Transition into University (the W Curve)
Explore the 'W-Curve' and find out more about the stages of transition that a student is likely to experience in their first year.
Transitioning into University is a big change for your student and it can take time for them to really feel settled into their new lives. We want to reassure you that this is normal and the pattern of feelings when going through a major life change can be quite predictable. We use the 'W-Curve' to help demonstrate the different phases of transition.
This model is based on research undertaken with students studying abroad and highlights the phases that all students go through when adapting to university life.
Honeymoon period (before and within 2/3 weeks of Semester One)
Typically this starts when students are made an offer. Their excitement and anxiety builds over the summer as the prospect of going to University becomes a reality – especially as they get letters with more information (including accommodation offers) and they start to plan for their new adventure!
- Enthusiasm and desire to meet new people
- Wanting to get away from home and start out on their own
- Homesickness mixed in with all the fun and energy of their new experience
Culture Shock (halfway through Semester One)
This phase can happen a few weeks after they have started here, and it usually a shock to students. It happens generally when the realisation of settling down hits, and perhaps they are finding elements of University life are not what they expected. It is also typically the coldest and darkest time of year and the pressure builds up towards the end of term assessments.
- Difficulty finding their way around and feeling lost
- Excitement about living with roommates and independently wears off
Difficulty in adjusting to new surroundings and academic expectations
Homesickness - some students may deal with this by going home often
Initial Adjustment (towards the end of Semester One)
This phase is an up-swing most likely to change when they start to understand the academic expectations and have received good feedback on their progress. Things start to make sense and they feel adjusted to their new environment and way of life. It is during this stage that students feel more “at home” on campus.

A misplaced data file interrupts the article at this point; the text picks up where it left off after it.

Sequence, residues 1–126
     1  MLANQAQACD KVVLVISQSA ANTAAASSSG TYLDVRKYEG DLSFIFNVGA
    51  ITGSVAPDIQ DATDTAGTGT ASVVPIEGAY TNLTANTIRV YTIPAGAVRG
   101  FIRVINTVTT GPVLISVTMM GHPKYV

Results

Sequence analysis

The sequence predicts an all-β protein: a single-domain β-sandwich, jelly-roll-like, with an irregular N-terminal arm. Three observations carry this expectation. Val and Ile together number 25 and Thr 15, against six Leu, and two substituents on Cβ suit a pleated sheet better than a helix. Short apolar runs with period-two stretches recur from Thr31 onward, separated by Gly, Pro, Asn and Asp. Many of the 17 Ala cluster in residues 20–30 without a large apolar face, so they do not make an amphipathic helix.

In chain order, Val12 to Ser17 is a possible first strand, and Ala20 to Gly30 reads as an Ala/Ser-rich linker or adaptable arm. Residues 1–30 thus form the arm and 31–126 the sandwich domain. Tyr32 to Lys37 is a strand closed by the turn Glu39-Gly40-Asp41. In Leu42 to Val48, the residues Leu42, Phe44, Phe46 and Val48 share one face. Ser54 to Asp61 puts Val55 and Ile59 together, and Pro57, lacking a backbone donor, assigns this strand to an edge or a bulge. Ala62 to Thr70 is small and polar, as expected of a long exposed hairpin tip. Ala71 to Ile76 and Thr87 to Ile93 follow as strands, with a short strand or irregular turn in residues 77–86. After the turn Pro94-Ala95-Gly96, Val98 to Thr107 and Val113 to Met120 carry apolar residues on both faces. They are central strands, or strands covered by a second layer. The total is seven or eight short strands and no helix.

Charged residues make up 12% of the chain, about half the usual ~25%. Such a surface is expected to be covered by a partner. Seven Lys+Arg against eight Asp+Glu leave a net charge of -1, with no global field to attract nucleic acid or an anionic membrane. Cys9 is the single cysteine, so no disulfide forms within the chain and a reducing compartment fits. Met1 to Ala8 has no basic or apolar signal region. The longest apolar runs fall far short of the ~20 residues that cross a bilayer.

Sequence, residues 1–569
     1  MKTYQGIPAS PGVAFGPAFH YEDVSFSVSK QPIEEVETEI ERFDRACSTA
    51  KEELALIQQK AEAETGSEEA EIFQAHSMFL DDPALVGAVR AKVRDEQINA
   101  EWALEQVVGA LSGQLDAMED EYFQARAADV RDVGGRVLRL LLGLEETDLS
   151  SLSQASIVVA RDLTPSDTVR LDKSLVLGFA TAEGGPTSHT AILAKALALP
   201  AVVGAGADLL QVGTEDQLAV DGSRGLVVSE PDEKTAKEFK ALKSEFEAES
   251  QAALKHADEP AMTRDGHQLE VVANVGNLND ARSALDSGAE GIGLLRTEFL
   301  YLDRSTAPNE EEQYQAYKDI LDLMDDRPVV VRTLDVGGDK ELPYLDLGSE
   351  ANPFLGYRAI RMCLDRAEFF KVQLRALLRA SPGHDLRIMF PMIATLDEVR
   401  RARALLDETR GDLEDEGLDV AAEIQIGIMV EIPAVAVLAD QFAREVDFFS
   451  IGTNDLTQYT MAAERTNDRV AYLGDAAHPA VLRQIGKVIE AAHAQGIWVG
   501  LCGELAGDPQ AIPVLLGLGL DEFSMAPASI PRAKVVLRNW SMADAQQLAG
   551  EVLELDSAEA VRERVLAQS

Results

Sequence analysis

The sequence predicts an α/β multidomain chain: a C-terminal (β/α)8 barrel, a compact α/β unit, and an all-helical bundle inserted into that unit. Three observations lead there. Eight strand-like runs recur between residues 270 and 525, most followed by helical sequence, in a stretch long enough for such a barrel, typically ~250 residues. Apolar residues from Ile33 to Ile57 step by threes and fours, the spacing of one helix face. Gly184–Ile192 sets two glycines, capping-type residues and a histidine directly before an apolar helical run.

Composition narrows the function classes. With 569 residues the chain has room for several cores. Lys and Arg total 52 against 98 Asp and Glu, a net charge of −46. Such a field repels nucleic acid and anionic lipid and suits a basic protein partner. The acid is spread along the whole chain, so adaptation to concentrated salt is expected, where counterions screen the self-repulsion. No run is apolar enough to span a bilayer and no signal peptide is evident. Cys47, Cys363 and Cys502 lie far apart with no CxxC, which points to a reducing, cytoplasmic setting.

- Students begin to make friends outside of their initial connections
- Fall into a routine and gain confidence in their ability to handle new academic and social environments.
Mental Isolation (beginning of Semester Two)
This refers to a period during and straight after, a student has returned home, for example at Christmas time. It comes from the unease of expecting everything at home to remain the same and finding that it hasn’t, perhaps a sibling has moved into their room or friends at home have moved away.
It can also come from the opposite feeling- being disappointed that their old life hasn't changed whilst they have and they feel like they no longer fit in. When they return to University, there a period of adjustment once again.
Shock at finding that changes have happened at home
A feeling of homesickness for a home environment that no longer seems to exist
Doubts regarding choice in university, degree, career and other decisions begin to surface
Beliefs and values begin to be challenged and they may not be able to adapt to the ideas and values expressed by others at university
Students tend to sit alone in their room or find outlets to escape potential housing situations
Cliques may form and students may feel that getting to know others is harder than before
Acceptance & Integration (halfway through Semester Two and beyond)
This is the final stage, ending on a high! This phase happens when they get into the swing of things quickly and adjust to a real sense of belonging and connection to the University. This could be in the city, through their course, through their accommodation, society involvement, or hobbies.
Students refer to university as their “home”
They feel as though they are part of their new environment/community
New friends are made on and off-campus
Home values are reconciled with university values
Dependence on parents, supporters, or former peers begins to lessen
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